Instead of the rather quizzical, abstruse, obtuse methodological and theoretical myopia of the academically captured seeing and considering of before, what Choi invites the reader having broken the boundaries and territories of the object/subject, to encounter instead is pure, unadulterated suffering and torment which in a most direct and certainly not diffuse manner, makes definite and determined demands of us and certainly requires an answer. It would be unlikely if the answer after all this was a continuation of separated, objectified present. Intriguingly Choi’s suggestion as to the formation of any answers or assertions is to remove the field of play, seeing and experience entirely from ‘tempo-reality’ and to delve deeper into this realm of the spectacle, following our breaking of boundaries and new ways of seeing and relating. Again Choi connects to the terrains of the spectacle the realm of overt cultural production in order to relocate an empathetic grounded reality, perceivable and encounterable in our new framework of open eyed existence. This necessary grounding, is real experience thrust upon us in our seeing and our encounters, but upon which we can grab in what might be potentially ephemeral waters.

Of course Choi means for these encounters and this seeing to be central, core, rather than ephemeral or peripheral, the heart of the spectacle and the journey rather than the edge or corona. Utilising a further and final very careful and considered set of literary and filmic readings, Choi in the later chapters of the work encounters new possibilities for empathic, real, undivided love for North Korea, love which will ultimately break and fracture division in filmic disruption present in recent Korean productions such as ‘Over the Border’, ‘Typhoon’ and ‘Our Homeland’. This is the radical love of Sonia Ryang’s conception, space for the conceptual threesome between an uncomfortably imagined couple and an attendant member of the Kim dynasty, space for us to love North Korea now that we have embraced and been re-defined the breaking, collapse or disintegration  of the object/subject binary and our rebirth of subjectivity as Choi puts it when referring to Yang, a key character in on ‘Our Homeland’; “…This intimate relationship with her subject gains articulation in all her productions, which crucially mediates how North Korea as an object of love is encountered and imagined” (Choi 2015, 160).

Of course both objectivity and subjectivity in this place of encounter, seeing and engagement through spectacle are themselves reconfigured and productive in their regeneration. In this new world of seeing, empathising and encountering a ‘love-space’ of empathic ‘spectacular’ production, Choi engages Gayatri Spivak’s rather radical writing on re-centered or de-centered selves, understanding them to open up “…the possibility for exploring a greater diversity of in-between spaces and translative transactions…” (Choi 2015, 219). We arrive with Choi at this space of acute hyphenation, barriers broken, defences down, at the Omega of the Spectacle. In Spivak’s ‘simultaenity’ a world with ‘both ends’, subordination and disruption, it is as if our heterogeneous production and encounter themselves become pure mobilization as much as they become actualization. In this spectacular, yet empathetic, grounded re-production, the division of North and South Korea is mobilised by its reproduction into and beyond spectacle, becoming rather than object of stasis, division or rupture, instead part, object and subject of a critical, vital act of detournément.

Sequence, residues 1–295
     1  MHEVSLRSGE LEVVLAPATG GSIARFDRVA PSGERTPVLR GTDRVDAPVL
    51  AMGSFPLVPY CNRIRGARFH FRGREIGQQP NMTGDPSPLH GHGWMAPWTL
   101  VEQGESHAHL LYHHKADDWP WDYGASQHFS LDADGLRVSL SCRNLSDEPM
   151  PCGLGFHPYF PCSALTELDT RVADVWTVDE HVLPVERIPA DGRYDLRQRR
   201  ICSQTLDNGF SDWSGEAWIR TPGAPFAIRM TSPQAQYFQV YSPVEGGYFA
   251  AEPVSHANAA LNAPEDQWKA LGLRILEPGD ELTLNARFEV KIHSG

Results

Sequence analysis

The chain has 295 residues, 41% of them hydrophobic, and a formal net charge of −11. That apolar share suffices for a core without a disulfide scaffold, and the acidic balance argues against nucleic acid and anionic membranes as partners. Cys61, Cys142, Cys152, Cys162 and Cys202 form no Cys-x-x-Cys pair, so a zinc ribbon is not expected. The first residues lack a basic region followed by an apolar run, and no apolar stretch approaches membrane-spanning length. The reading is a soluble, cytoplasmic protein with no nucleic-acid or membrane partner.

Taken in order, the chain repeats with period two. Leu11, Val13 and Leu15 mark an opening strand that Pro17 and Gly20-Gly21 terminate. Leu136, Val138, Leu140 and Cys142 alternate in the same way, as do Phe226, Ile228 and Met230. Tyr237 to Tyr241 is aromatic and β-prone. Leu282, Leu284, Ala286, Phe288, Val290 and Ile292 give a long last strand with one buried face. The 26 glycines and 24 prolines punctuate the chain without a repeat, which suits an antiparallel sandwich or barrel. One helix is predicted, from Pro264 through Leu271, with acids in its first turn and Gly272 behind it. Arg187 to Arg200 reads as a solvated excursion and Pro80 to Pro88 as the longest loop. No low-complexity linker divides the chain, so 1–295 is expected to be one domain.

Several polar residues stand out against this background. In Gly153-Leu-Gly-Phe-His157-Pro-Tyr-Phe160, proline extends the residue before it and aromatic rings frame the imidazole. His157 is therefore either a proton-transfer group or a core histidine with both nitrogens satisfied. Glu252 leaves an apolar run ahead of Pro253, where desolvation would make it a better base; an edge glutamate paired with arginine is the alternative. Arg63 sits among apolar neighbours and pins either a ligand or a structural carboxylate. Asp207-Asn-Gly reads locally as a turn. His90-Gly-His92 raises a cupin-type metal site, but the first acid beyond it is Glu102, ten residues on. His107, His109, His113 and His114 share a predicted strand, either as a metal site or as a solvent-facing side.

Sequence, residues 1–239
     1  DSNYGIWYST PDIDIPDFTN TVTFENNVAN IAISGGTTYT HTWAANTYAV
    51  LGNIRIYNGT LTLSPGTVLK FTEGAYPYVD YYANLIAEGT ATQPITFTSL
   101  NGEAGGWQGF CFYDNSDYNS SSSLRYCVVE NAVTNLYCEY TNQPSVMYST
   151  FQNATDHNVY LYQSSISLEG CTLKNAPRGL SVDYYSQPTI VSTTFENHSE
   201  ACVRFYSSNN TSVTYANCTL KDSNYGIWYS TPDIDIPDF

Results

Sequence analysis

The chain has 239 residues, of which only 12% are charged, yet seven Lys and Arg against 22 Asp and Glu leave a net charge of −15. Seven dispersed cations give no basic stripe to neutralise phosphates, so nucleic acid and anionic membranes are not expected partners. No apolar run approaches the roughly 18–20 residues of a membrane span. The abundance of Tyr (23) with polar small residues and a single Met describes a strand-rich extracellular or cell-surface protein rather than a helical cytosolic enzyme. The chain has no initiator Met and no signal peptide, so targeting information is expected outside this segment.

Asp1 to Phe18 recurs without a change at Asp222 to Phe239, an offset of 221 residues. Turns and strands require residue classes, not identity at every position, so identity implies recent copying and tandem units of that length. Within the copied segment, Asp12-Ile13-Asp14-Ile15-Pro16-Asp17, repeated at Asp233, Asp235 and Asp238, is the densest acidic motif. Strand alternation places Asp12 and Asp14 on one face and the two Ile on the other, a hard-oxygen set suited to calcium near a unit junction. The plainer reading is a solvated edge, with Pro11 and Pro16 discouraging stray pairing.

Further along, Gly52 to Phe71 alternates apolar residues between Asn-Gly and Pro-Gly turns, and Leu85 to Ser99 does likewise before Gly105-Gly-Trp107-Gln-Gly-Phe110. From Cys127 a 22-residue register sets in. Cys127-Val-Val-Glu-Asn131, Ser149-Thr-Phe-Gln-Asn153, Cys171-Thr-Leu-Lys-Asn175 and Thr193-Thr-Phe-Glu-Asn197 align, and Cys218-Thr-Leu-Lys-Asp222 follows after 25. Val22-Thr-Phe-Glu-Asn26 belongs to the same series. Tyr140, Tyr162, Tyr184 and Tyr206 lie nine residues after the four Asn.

References

Choi, Shine. 2015. Re-Imagining North Korea in International Politics: Problems and Alternatives. London, Routledge.

Chow, Rey. 1995. Primitive Passions: Visuality, Sexuality, Ethnography and Contemporary Chinese Cinema. New York, Columbia University Press.

Debord, Guy.1983. The Society of the Spectacle. Detroit, Michigan. Black and Red.

Fahy, Sandra. 2015. Marching Through Suffering. New York, Columbia University Press.

Ryang, Sonia. 1997. North Koreans in Japan: Language, Ideology and Identity. Oxford, Westview Press

Spivak. Gayatri. 200. “Translation as Culture.” Parallax, 6 (1):13-24

Trinh, T. Minh-ha. 1986. “Difference: A Special Third World Women Issue.” Discourse, 8:10-35

Trinh, T. Minh-ha. 1989. Women, Native, Other: Writing Postcoloniality and Feminism. Bloomington and Indianapolis, Indiana University Press.